Epistles of Faith
William Huntington (1745-1813)TO THE REV. MR. HUNTINGTON.
My very dear Friend,
I HAVE had the satisfaction of knowing you now upwards of twenty years. At our first acquaintance, you were an exact portrait of Job's wild ass's colt; and never was I more surprised than when I first saw you in a pulpit! But I perceived that God had sent out the wild ass free, and loosed the bands of the wild ass. The Lord having at that time quickened my soul, I knew the voice, felt the power, and divine union took place, which I hope will ever continue.
I have perused most of your writings, but find few exceed the enclosed, which you sent me when I lived on Hounslow Heath, and which I wish you to publish in your present Epistles of Faith, and that without any correction or human decoration, unpolished, unembellished, and I say unadulterated; that your readers may have the satisfaction of seeing an original.
As the Letter is without date, according to custom, I cannot certainly say how long it was ago; but I think it must be upwards of fourteen years. My reason for desiring to have it published is, because of the simplicity of it. A few days ago, I was looking over the many epistles I have received from you, and I found a savour in them, therefore wished others to partake of the savoury meat, not willing to eat my morsel alone.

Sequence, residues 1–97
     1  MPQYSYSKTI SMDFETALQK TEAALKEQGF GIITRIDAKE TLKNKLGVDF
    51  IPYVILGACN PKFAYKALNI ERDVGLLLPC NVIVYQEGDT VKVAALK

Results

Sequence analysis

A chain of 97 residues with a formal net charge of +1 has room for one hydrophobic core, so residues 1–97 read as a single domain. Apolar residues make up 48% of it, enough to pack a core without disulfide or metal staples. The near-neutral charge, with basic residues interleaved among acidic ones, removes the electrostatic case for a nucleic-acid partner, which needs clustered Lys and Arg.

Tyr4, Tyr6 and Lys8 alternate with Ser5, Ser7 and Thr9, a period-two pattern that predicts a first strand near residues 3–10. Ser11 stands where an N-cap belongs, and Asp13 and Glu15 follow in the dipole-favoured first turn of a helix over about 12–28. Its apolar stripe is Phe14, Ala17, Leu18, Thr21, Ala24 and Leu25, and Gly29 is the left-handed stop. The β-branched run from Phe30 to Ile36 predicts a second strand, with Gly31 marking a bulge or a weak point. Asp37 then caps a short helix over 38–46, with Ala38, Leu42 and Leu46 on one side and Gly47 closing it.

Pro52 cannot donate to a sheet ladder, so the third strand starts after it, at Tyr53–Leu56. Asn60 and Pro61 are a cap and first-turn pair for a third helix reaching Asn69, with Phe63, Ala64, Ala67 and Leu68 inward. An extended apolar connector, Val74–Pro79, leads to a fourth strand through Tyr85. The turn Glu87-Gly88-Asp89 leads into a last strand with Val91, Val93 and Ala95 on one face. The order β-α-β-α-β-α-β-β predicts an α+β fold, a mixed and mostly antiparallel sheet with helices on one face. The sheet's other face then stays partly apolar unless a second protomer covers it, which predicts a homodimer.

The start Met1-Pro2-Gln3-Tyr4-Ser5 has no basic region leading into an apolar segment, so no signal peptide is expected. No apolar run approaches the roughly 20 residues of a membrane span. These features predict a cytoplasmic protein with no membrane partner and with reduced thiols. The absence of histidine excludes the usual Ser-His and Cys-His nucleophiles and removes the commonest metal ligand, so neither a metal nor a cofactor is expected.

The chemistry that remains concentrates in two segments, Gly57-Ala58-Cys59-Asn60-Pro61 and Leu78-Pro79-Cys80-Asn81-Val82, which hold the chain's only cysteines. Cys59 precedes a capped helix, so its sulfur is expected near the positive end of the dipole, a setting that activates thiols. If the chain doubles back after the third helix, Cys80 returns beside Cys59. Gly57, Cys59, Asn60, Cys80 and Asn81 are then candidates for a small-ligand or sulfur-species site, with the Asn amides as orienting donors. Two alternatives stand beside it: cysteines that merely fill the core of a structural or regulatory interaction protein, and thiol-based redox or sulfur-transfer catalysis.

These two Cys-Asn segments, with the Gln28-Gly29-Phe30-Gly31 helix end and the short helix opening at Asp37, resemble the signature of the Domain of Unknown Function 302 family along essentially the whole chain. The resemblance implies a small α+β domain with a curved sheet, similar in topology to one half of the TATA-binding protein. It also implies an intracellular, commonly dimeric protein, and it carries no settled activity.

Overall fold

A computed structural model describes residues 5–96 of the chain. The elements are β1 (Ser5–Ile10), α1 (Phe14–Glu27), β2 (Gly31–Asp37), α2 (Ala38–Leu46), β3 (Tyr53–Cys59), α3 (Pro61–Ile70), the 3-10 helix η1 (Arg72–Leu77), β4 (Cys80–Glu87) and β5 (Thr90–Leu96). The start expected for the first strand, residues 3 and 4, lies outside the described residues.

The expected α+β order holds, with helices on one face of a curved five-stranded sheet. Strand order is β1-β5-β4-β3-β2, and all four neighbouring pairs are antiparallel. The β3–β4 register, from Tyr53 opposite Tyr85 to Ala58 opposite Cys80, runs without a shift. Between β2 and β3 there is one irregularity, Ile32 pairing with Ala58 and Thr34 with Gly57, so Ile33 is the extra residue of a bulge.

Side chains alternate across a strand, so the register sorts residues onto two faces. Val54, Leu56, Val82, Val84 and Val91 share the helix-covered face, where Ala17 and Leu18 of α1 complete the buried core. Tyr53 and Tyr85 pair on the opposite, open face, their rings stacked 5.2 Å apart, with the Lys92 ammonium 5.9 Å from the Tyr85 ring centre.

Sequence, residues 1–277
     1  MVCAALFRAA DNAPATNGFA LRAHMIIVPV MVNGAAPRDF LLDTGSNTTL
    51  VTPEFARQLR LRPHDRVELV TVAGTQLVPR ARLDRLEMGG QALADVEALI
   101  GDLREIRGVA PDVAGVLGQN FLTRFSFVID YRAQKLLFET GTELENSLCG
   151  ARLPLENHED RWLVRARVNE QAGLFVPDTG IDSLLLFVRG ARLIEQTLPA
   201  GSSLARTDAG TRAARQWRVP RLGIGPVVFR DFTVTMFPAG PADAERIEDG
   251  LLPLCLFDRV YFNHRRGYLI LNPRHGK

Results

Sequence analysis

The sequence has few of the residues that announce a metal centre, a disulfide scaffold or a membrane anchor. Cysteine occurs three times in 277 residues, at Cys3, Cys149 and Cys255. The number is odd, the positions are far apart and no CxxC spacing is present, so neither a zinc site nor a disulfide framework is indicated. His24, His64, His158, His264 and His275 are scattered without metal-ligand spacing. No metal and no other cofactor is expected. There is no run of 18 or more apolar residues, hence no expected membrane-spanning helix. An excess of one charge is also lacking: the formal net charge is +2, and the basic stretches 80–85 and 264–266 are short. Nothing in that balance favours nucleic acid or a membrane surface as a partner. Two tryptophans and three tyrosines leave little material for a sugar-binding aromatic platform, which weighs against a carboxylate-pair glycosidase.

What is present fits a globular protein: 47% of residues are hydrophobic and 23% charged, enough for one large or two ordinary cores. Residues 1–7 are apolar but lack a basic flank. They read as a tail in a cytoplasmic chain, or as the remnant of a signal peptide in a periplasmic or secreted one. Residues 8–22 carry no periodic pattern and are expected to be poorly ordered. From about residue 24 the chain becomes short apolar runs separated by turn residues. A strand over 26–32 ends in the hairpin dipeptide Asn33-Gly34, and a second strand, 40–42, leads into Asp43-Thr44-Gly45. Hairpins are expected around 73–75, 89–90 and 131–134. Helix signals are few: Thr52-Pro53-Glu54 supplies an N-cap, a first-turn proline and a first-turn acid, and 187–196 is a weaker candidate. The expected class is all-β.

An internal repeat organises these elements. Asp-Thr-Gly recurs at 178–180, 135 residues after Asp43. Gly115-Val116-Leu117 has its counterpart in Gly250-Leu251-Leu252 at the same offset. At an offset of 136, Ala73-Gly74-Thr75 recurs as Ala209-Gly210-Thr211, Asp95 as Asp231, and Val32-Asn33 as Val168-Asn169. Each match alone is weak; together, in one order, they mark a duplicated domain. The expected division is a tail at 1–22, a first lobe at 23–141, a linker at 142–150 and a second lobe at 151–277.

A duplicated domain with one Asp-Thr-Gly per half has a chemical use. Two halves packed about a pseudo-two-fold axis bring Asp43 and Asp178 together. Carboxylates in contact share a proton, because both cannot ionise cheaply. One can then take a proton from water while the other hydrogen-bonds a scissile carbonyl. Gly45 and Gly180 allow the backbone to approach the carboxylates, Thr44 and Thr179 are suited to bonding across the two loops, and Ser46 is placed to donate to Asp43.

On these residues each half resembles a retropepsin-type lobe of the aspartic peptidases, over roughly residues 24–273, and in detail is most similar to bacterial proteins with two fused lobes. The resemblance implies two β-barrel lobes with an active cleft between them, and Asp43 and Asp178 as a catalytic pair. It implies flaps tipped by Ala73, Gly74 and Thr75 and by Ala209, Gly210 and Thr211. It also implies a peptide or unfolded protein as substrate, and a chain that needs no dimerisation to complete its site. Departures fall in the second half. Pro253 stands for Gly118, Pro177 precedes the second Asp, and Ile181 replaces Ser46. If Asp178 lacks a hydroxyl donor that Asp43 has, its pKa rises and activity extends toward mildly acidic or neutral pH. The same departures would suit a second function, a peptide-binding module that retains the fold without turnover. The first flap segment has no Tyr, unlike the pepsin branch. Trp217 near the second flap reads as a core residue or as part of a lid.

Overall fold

Your room is still vacant; but Jannet, of late, has talked of letting the lodgings, as they are so seldom occupied. You know it has been otherwise formerly: but times are now altered, therefore we must expect to meet with many disappointments.
You see I write without any of those compliments which the clergy in general expect, without adding even the title S. S. But conclude in joint affection, attended with our best wishes,
JOHN & JANNET CHAPMAN.Petersham, near Richmond, Oct. 6, 1790.